Wednesday, March 30, 2005

My Thoughts on the Schiavo Case

Would I really be able to call myself a "blogger on the law" if I didn't make some comment on this issue? No? Okay, here goes.

I'm a conservative. Really, I am. I just don't get it, though, why most of my conservative brethren (and sisteren, for that matter) are getting all in an uproar about this Schiavo case. We, as conservatives, are supposed to care about the rule of law, aren't we?

The law in this case, despite the wranglings by our U.S. Congress, places the responsibility for such determinations on the state courts. The ruling by the Supreme Court of the United States (SCOTUS) in Cruzan v. Director, MDH clearly stated that the previously stated wishes of an person, now incompetent, may be carried out by a surrogate if those wishes are proven in state court by "clear and convincing evidence."

That standard, "clear and convincing," is not for public opinion to decide. It is for the courts, and the courts alone. The Florida Supreme Court itself, in In Re Guardianship of Browning, clearly showed its support of SCOTUS' Cruzan decision, and even went so far as to broaden the scope of the holding, by making it clear that, in the case of an incompetent person, the surrogate may act without court intervention.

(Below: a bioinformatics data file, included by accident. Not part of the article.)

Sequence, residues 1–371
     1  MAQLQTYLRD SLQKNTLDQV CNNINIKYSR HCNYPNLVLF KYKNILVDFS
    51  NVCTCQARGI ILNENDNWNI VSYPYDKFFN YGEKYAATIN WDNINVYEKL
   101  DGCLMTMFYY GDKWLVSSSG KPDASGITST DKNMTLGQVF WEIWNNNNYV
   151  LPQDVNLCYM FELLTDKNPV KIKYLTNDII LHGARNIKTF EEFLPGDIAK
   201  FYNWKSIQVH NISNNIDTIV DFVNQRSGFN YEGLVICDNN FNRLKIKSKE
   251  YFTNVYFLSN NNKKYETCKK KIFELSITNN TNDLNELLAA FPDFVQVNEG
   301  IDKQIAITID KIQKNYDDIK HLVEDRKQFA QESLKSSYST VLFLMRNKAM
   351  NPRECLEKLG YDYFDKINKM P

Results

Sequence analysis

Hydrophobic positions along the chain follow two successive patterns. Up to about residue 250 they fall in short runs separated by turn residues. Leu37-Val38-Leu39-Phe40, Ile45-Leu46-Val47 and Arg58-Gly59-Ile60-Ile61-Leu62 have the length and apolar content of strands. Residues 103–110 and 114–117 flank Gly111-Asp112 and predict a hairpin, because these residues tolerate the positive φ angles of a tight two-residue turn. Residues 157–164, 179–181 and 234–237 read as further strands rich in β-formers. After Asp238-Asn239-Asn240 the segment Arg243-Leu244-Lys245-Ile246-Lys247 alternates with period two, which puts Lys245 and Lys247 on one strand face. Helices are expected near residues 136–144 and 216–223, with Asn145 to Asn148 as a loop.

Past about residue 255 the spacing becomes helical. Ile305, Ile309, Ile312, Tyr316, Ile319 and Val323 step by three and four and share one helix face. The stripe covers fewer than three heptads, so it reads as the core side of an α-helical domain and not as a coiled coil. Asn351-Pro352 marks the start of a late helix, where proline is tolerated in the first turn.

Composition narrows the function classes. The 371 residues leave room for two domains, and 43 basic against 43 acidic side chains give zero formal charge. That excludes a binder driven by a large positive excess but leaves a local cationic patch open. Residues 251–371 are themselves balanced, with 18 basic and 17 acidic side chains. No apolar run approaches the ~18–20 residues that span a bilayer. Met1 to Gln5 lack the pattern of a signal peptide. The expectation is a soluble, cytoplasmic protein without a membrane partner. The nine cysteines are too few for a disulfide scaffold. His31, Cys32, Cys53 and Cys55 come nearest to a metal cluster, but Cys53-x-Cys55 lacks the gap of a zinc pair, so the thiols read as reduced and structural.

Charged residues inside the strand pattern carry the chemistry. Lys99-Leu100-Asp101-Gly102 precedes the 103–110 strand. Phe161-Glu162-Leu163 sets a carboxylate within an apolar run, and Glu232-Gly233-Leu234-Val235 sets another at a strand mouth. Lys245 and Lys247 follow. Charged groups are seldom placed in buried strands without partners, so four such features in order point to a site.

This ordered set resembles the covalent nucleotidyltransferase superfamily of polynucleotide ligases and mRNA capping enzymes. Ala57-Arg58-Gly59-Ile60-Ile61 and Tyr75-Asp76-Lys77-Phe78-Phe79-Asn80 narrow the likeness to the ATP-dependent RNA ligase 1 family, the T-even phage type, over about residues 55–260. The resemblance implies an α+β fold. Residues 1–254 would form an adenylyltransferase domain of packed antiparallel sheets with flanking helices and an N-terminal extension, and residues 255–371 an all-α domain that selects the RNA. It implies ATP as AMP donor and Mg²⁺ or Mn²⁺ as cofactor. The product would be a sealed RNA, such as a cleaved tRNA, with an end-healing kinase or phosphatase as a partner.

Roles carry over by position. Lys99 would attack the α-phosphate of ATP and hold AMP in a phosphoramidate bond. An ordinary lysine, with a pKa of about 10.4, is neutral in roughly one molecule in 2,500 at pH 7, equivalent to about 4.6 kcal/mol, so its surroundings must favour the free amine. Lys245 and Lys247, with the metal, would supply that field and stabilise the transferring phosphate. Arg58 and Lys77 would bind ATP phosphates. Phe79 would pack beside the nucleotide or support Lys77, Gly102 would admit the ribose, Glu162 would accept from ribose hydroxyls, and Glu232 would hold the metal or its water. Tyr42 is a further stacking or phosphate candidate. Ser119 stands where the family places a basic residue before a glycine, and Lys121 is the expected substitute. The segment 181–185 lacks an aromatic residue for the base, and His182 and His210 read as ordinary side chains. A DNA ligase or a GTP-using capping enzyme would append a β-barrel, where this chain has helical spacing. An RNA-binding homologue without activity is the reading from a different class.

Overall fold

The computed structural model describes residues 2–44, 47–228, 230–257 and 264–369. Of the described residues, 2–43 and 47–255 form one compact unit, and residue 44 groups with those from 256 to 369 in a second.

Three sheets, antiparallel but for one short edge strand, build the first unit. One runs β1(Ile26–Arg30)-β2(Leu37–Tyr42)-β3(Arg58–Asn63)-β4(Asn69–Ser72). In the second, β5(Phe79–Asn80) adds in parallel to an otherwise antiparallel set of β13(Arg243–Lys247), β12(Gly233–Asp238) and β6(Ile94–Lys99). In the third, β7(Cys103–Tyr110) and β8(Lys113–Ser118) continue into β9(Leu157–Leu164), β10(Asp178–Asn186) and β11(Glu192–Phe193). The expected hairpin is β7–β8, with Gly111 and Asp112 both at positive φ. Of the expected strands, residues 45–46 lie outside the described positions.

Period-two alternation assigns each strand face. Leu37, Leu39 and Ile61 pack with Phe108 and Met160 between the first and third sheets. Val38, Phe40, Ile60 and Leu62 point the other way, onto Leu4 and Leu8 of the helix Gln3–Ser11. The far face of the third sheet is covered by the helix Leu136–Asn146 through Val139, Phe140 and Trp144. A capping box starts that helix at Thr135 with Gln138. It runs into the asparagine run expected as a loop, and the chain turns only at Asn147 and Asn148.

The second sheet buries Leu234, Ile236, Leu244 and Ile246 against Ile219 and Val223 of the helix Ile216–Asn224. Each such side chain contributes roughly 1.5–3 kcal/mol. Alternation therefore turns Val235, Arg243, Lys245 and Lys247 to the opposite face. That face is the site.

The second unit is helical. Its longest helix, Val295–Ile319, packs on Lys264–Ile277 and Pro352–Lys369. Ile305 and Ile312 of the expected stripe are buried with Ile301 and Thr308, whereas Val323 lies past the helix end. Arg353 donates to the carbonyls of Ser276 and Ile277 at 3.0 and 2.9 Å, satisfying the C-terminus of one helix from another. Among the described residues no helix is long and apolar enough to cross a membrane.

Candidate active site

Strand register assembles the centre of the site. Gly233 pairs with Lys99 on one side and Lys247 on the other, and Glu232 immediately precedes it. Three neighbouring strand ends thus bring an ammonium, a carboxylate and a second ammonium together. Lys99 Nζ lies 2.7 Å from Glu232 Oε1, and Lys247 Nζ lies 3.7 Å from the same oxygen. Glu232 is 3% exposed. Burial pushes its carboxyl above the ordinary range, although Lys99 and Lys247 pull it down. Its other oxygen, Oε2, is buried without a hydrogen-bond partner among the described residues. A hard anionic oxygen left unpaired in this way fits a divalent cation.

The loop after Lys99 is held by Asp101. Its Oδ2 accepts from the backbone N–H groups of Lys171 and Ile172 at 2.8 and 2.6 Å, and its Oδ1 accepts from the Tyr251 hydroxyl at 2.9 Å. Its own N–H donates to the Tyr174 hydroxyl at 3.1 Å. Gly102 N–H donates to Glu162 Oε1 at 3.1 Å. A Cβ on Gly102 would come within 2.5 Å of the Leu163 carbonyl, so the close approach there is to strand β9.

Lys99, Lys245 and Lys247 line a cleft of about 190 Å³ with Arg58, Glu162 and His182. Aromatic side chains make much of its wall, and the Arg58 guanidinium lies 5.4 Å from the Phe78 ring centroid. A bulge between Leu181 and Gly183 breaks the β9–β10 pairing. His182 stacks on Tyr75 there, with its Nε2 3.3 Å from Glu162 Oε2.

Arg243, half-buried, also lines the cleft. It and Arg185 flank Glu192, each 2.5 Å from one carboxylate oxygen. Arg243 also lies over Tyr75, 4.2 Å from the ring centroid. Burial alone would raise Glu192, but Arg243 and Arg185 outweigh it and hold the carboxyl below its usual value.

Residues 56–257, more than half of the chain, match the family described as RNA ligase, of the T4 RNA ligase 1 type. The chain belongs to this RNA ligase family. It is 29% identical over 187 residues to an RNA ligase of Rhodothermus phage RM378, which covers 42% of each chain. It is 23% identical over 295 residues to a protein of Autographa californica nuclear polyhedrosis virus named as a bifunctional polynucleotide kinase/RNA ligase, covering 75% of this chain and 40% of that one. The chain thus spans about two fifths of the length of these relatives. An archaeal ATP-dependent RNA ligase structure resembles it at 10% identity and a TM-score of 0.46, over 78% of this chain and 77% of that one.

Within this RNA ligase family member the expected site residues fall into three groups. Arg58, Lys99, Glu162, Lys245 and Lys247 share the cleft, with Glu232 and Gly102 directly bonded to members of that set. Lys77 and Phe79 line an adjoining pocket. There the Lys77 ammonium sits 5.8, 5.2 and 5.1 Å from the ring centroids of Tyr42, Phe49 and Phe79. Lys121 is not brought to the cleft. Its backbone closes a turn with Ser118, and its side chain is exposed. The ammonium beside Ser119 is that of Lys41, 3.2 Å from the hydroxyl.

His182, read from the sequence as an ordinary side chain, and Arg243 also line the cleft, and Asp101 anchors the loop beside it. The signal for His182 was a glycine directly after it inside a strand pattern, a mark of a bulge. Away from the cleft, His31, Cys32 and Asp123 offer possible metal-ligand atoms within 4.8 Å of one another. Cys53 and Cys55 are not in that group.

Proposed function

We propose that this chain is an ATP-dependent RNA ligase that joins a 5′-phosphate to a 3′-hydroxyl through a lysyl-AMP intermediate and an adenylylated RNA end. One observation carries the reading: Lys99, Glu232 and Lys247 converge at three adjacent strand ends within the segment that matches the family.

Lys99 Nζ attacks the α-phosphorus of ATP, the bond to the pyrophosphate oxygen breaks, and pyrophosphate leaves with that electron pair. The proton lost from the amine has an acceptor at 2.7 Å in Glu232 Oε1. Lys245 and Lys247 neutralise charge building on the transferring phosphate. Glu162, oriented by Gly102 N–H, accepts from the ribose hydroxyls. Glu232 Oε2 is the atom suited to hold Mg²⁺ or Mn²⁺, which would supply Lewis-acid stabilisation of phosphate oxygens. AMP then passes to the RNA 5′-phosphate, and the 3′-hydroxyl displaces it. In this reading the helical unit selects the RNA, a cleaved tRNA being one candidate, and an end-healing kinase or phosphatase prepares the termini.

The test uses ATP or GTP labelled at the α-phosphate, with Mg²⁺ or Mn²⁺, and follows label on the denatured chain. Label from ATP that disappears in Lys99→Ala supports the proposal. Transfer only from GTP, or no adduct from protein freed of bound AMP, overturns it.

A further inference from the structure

If such action is challenged, as it has been in the Schiavo case, that's when the clear and convincing standard comes into play.

I can't begin to understand what the parties in this case are going through. What's different between me and my conservative colleagues is that I don't pretend to.

We hear constantly on conservative talk radio how "evil" Mr. Schiavo is. He's compared to Hitler, the anti-christ, etc. But none of the people making these claims, despite their volume, have any idea what his motives are in doing what he's doing. They say that he has every opportunity to walk away, and leave her to the care of her family, and thus it points to some malicious motive that he does not do so.

I would posit that it's equally likely he's simply fighting, to the bitter end, to carry out his wife's wishes as they were explained to him earlier.

I won't for one second advance such a claim as the God's-honest truth, because I can't. Only Mr. Schiavo knows for sure.

My prayers go out to him, to the Schindlers, and, most importantly, to Terri.

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